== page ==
It’s intriguing, but not a serious threat
By Joseph S. Harrington, CPCU
Welcome to “subscription culture,” where consumers expect to be able to order what they want, when they want it, in whatever quantity they want, for as long as they want.
Subscription culture is perhaps best exemplified by the “streaming services” that provide television programs and internet content to individuals who select them on a fee-for-service basis. Subscription sales extend to a growing range of commodities, however, including food service and transportation.
And also, apparently, to insurance.
Aviva made a splash in late 2018 by introducing home and auto subscription policies that allow policyholders to “change their cover[age] as often as they want without incurring charges.” About a year into the program, Aviva’s CEO was quoted as saying the “AvivaPlus” initiative was “reasonably successful” with a total of 250,000 subscribers.
About a year later, the U.K.-based financial giant HSBC released its “Select and Cover” program, which allows households to select from among seven coverage options for one monthly premium. Policyholders can select three to seven options, with the right to add or change one of them a year, as long as they maintain at least three of them. Coverage can be canceled at any time for no additional charge.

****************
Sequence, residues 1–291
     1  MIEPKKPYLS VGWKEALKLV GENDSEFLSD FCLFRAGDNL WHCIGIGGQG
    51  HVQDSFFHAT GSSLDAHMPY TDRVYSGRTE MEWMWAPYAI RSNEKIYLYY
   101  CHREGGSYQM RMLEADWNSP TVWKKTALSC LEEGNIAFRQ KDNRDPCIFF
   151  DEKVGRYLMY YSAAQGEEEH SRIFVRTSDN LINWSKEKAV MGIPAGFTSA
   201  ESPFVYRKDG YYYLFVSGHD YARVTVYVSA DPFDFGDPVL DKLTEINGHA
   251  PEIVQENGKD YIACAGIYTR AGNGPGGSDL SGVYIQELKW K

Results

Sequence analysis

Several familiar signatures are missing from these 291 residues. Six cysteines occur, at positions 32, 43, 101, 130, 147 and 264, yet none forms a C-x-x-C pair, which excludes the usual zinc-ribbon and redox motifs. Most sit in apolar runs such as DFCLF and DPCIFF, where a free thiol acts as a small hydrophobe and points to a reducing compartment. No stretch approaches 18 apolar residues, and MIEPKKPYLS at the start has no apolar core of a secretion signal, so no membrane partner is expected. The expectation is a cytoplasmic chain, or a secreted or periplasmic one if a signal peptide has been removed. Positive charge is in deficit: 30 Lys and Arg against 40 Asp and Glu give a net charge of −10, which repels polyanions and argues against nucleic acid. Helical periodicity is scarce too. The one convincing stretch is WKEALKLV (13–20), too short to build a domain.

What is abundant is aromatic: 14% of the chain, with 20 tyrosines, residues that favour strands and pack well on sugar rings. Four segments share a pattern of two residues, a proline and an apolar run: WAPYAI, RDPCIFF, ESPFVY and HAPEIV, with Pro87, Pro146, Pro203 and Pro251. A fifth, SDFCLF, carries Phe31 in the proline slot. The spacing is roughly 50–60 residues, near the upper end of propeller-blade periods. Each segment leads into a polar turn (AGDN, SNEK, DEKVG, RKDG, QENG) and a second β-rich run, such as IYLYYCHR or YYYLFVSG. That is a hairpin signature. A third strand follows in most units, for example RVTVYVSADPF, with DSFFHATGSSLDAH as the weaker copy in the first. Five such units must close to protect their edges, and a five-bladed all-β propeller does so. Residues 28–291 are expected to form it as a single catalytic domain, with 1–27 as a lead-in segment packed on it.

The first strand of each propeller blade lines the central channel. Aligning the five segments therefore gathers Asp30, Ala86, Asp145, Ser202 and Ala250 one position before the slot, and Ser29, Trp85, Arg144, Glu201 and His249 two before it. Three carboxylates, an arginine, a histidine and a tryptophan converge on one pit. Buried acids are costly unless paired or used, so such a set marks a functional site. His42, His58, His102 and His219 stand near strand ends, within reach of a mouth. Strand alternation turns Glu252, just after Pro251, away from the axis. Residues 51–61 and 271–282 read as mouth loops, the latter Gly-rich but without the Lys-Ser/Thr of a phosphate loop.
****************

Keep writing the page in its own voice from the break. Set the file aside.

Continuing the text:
The point here is not to suppress innovation by scavenging the imagination for scary but unlikely scenarios … (but) to underscore that insurance is generally not a thing that one buys and uses at a certain point in time, like a streaming service.
To date, no major U.S. carrier has announced a subscription insurance program, at least for the types of coverage traditionally sold by agents and brokers, even though research by EY NextWave Consumer Financial Services finds that 51% of U.S. consumers aged 35-49 are interested in subscription insurance.
On again, off again
The essential idea behind subscription insurance is that consumers will be empowered to purchase only the coverage they need at the times they need it.
New forms of travel insurance provide a good illustration of how the concept works in practice. While regular travelers may wish to have coverage in place year-round for lost luggage, flight cancellation expenses, and other unexpected travel costs, occasional travelers may prefer to activate coverage only when they are actually away from home. Subscription travel policies allow them to do that.